Wednesday, February 12, 2014

Review: Black Helicopters

Black Helicopters
By Blythe Woolston
Published 2013 by Candlewick Press

Valkyrie knows that she can only trust her da and her big brother - everyone else is in league with them. They killed her mother after all. Now that her da's gone, Valkyrie knows she must do something. And that's why she ends up with this bomb strapped to her chest.

I picked this one up because I'd heard talk of it as a Printz contender. Everyone I'd seen talk about it had good things to say, so I was definitely intrigued. It is a short book - less than 200 pages - but there is a lot here. In fact, I'm not entirely sure I can do a decent review having only read it once.

So, that's my first point in this review: read this book. And read it more than once. There are so many layers and pieces in this book that you're sure to miss something with just one reading. I've already admitted that I haven't done a second reading, so, I suppose, take this review with a grain of salt.

This is an intense and dark novel. It will be a hard one for many people to read. It's also a brilliant novel and should be widely read - I think it's a good thing to read challenging books. This is also a book that feels very relevant and topical, without being didactic or boring. This book lets readers get inside the mind of someone raised in a very particular way, someone who has been taught to view the world, society, and the government through a very particular lens. It's fascinating and horrifying. And you can't put it down.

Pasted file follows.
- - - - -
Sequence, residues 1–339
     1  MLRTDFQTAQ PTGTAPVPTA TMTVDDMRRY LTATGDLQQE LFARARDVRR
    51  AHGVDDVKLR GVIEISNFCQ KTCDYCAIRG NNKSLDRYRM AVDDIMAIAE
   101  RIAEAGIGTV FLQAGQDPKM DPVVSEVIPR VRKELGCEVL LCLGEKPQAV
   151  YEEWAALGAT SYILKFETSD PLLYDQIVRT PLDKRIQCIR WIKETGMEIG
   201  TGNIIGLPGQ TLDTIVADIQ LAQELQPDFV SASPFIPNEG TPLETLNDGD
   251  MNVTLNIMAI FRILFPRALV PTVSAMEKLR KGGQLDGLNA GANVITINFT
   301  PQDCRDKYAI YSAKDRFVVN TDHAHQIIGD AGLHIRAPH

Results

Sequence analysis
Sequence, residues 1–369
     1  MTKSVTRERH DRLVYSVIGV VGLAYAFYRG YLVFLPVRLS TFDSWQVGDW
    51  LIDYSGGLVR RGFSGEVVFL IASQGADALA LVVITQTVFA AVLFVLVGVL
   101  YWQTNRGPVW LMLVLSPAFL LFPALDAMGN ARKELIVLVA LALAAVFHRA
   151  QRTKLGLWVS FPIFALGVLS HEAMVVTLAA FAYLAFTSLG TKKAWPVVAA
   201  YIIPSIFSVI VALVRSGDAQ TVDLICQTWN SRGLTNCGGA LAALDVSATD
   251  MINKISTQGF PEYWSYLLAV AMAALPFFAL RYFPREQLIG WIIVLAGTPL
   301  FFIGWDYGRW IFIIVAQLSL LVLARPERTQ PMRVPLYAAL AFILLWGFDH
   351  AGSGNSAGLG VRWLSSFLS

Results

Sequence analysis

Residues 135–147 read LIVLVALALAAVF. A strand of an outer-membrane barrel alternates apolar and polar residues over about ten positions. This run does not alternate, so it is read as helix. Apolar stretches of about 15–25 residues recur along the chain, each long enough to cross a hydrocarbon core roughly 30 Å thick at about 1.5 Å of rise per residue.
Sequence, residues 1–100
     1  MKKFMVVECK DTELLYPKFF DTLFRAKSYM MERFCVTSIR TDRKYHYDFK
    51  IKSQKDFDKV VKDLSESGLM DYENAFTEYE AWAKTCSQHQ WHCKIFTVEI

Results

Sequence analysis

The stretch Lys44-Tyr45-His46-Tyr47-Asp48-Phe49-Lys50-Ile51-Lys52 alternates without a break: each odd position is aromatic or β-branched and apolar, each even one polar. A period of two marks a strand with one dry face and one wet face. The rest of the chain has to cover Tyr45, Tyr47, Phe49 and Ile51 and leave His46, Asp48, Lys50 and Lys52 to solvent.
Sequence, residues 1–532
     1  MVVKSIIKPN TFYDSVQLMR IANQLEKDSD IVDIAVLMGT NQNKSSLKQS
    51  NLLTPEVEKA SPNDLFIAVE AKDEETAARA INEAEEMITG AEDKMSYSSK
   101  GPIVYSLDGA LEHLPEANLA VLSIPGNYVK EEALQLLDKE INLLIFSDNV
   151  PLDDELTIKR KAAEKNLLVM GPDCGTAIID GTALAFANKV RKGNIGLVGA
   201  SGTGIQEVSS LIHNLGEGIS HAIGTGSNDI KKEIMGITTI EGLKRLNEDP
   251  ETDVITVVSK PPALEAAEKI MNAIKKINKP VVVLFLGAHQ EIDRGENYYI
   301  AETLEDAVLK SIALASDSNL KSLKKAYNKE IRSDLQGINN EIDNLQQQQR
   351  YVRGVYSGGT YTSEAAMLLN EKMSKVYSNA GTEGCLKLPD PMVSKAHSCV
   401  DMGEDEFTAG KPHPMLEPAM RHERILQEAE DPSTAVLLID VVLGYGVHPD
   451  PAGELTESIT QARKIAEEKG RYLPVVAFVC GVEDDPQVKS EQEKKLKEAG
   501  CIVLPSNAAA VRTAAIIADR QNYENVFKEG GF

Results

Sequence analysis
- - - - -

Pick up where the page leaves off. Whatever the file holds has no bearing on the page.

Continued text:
This book is incredibly well-written and, once again, I find myself disappointed that I hadn't read anything by Woolston before this. She's been on my radar since her first novel was a Morris finalist but I hadn't picked anything up yet. This was obviously a mistake on my part. Her writing is polished and taut. She's created a terrifying atmosphere and sense of suspense here. Everything works together so well. The alternating narratives - between past and present - work incredibly well drawing out the story. Just absolutely stunning writing and construction.

Valley is an incredibly interesting character as well. She will make people question themselves. How much of what I know/believe is a product of what I've been taught? Am I truly thinking for myself? Making my own decisions? It's uncomfortable and yet difficult to resist.

This book is a stunner, one of the best I read last year. I highly recommend it.

No comments:

Post a Comment